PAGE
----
MAY 14

  • Green brigade supports Govt. decision

  • Noida residents take charge of waste management

  • Deadend for pollution check dodgers

  • Green brigade supports Govt. decision

    THE HINDU [14 MAY, 2002]
    By Our Staff Reporter

    NEW DELHI MAY 12. Environmentalists as well as auto-industry representatives have supported the decision of the Delhi Government to get rid of the two-stroke vehicles and the auto-rickshaws as per the direction of the Apex Court.

    This endorsement by the green brigade was given at a seminar on "City Governance for Clean Air: Learning from each other in Asia'' organised by the Centre for Science and Environment here this past Saturday.

    Speaking on the occasion, the Delhi Transport Minister, Ajay Maken said that the future of the Capital lay in clean air and therefore, the Government has to take every necessary action to ensure the good health and environment of the Capital.

    In its recent order, the Apex Court had directed that only four stroke vehicles running on clean fuel will be allowed ply in the city. The Delhi Government has, accordingly, decided to ban the registration of two-stroke vehicles and auto-rickshaws in the Capital.

    Supporting this decision, B. Sengupta, Additional Director, Central Pollution Control Board, said that the two-stroke vehicles were largely responsible for the emission of unused benzene and its other derivatives.

    On the occasion, Mr. Maken also apprised those present about the current status of CNG driven vehicles in the Capital. At present, around 51,000 vehicles were plying here but the Capital was still not receiving its due quota of CNG inspite of an apex court directive to the IGL to provide 16.12 lakh gas per day to Delhi.

    According to the State transport Minister, Delhi required solutions that address the specific nature of transport problems which the city faces. And for this apart from a strong political will and a readiness to implement private-public partnership, what is needed is transparency in the whole process.


    Noida residents take charge of waste management

    THE TIMES OF INDIA [14 MAY, 2002]

    NOIDA: In a pilot project launched by local residents, domestic waste from over 1,500 Noida homes is being privately collected from the doorstep.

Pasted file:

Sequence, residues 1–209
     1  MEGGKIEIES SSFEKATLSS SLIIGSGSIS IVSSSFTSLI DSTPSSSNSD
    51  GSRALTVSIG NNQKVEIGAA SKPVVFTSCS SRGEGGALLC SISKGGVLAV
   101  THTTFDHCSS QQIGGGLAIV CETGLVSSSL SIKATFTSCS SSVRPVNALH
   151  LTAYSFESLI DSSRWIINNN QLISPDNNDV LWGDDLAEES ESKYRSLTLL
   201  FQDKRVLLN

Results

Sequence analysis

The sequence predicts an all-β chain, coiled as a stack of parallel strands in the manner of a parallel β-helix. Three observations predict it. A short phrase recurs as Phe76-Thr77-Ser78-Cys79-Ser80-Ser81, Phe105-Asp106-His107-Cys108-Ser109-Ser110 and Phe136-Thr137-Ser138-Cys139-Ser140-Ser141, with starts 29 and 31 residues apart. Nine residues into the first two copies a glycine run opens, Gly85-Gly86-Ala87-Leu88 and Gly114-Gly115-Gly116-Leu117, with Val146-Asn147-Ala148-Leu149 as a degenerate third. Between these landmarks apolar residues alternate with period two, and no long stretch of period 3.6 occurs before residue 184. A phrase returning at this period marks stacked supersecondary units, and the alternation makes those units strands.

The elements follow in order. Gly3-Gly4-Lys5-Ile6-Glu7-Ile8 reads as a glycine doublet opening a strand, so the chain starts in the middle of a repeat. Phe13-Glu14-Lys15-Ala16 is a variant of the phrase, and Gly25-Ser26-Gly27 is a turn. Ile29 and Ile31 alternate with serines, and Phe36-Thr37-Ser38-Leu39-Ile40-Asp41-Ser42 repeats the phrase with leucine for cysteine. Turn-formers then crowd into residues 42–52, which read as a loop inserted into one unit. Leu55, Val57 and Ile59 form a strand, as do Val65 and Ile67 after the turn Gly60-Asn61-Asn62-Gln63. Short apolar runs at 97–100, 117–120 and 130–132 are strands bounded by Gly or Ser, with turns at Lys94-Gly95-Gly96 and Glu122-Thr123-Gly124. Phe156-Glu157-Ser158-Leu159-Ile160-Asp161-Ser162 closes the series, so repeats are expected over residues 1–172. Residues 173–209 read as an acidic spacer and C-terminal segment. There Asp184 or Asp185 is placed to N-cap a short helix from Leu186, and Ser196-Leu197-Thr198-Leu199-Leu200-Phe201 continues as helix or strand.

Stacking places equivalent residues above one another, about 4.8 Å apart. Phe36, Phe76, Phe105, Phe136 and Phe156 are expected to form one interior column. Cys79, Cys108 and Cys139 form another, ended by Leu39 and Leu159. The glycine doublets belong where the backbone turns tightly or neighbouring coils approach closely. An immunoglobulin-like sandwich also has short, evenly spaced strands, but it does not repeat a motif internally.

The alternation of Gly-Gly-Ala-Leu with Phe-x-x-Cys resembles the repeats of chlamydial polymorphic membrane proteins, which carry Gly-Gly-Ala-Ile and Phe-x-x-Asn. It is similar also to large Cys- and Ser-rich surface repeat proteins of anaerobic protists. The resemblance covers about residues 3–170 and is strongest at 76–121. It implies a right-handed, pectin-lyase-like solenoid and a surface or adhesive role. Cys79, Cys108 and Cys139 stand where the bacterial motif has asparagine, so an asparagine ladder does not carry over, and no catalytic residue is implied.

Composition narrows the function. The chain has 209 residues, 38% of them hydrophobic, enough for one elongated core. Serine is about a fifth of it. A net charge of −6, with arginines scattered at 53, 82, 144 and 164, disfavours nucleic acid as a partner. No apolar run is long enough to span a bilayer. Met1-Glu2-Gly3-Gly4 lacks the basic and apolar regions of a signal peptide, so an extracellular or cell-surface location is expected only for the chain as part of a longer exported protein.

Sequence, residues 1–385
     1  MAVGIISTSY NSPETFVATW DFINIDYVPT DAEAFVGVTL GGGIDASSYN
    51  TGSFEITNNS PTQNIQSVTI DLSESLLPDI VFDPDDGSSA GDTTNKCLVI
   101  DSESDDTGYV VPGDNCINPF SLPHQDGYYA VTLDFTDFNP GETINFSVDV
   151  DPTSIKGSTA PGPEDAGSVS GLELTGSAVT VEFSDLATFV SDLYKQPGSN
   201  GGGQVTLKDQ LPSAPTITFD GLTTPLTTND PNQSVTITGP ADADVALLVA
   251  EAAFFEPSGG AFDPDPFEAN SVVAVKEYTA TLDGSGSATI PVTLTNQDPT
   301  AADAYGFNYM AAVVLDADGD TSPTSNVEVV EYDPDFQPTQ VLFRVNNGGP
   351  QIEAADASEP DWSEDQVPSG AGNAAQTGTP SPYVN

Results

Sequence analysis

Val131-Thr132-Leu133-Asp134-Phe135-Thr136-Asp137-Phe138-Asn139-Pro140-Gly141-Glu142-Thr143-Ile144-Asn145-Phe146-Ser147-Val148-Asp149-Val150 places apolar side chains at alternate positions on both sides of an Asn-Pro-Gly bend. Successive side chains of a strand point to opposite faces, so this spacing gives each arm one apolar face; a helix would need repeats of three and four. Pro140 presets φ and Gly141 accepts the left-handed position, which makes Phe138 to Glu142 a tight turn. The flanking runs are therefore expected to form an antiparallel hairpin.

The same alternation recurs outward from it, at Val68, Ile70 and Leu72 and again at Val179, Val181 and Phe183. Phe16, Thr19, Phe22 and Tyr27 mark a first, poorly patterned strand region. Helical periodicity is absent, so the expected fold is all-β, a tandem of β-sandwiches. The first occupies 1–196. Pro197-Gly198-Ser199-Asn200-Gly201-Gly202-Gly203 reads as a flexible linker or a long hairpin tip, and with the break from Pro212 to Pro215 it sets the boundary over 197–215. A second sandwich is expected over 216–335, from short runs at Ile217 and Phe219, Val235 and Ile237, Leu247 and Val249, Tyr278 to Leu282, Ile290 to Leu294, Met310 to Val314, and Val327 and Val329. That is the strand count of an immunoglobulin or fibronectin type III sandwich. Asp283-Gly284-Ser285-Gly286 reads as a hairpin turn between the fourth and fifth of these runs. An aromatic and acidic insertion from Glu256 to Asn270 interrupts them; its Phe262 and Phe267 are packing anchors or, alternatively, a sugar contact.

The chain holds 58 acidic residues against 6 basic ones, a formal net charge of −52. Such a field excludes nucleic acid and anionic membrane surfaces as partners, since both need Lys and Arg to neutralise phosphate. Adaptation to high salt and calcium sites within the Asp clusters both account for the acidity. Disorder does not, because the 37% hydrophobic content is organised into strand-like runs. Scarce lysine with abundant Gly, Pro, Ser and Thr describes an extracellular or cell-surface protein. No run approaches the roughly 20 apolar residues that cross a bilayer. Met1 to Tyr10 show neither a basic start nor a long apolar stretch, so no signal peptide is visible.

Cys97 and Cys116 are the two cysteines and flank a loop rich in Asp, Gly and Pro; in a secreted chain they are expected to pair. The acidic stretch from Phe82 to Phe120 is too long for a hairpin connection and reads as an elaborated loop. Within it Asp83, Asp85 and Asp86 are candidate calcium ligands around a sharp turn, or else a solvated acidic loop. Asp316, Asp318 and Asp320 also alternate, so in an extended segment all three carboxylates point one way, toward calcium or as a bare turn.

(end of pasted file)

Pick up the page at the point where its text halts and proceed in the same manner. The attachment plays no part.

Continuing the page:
Under the project, partly funded by the Noida Authority, the garbage is segregated, transported, treated, sold or otherwise disposed of in an environment-friendly manner.

    The large, often unsightly, garbage bins of the Noida Authority have been removed from the area around these houses. Each household in the project pays about Rs 15 per month and the authority chips in with Rs 5,000.

    Residents hope the project will soon break even or perhaps make a small profit. And if all goes well, Noida Authority hopes to extend the project to cover the entire city.

    According to Commander V K Nagpal (retd), director of the domestic waste management wing of Noida’s Citizens Action Council, the project began in Sectors 39, 40 and 41, on April 3. The authority provided a 3,000 sq metre plot, in the green belt of Sector 50, for digging compost pits in which to put biodegradable waste.

    ‘‘We have dug the pits and started composting with our own money,’’ says Commander Nagpal, who lives in Sector 41. ‘‘In a couple of months we will start selling the compost to a wholesaler for Re 1 a kg. We are selling the non-biodegradable waste to kabaris who take it for recycling,’’ he adds.

    Nagpal says garbage collectors, hired by the respective residents’ welfare associations, collect waste from each house and segregate it. ‘‘Almost 80 per cent of the waste, by volume, is non-biodegradable. Each home churns out about 1 kg of biodegradable waste a day. We have contracted with 10 cycle-rickshaw pullers to take the waste to the composting site,’’ he adds.


    Deadend for pollution check dodgers

    THE TIMES OF INDIA [14 MAY, 2002]

    NEW DELHI: Those evading pollution checks of their vehicles, mandatory every three months, had better watch out. They could find the registration of their vehicles cancelled, says transport minister Ajay Maken.

    Computerised pollution certificates will make this possible soon. What’s more, from May 19, even CNG vehicles will be checked for pollution.

    Pollution certificates are manually issued by around 300 petrol pumps and 130 workshops, for a fee of Rs 25 for petrol vehicles and Rs 50 for diesel ones. This gave rise to irregularities since pollution dodgers could get their certificate by paying the amount without the vehicle actually being checked.

    But in the new system, the pollution-checking machine will be attached to a computer, a web camera and a printer. Certificates will therefore also have a photo of the vehicle with its number plate.

    This would ensure that the vehicle is actually present during the check and lead to faster verification of records. At present, records are kept in egisters — checking them is a cumbersome procedure.

    ‘‘Each centre will on a weekly basis, have to send details of those vehicles which have been issued pollution certificates. After three months, when the next check is due, the computer will automatically send notices if the vehicles haven’t been checked. This way we can stop enforcement teams from being out on the streets,’’ said Maken. The petrol pumps too had better gird up — vigilance will be stepped up.

    Two pilot projects have already been introduced — one in Veejay Service Station in Gulabi Bagh and the other at Bhatia Service Station in Safdarjung. Why isn’t it being implemented in all 430 centres?

    ‘‘There has been some resistance from the pumps — an attitudinal change is required,’’ says Maken. Besides, these pumps would have to shell out around Rs 50,000 for the computer. Plus, there would be additional costs — special cabins for the computers and cartridges for the printer, say transport officials.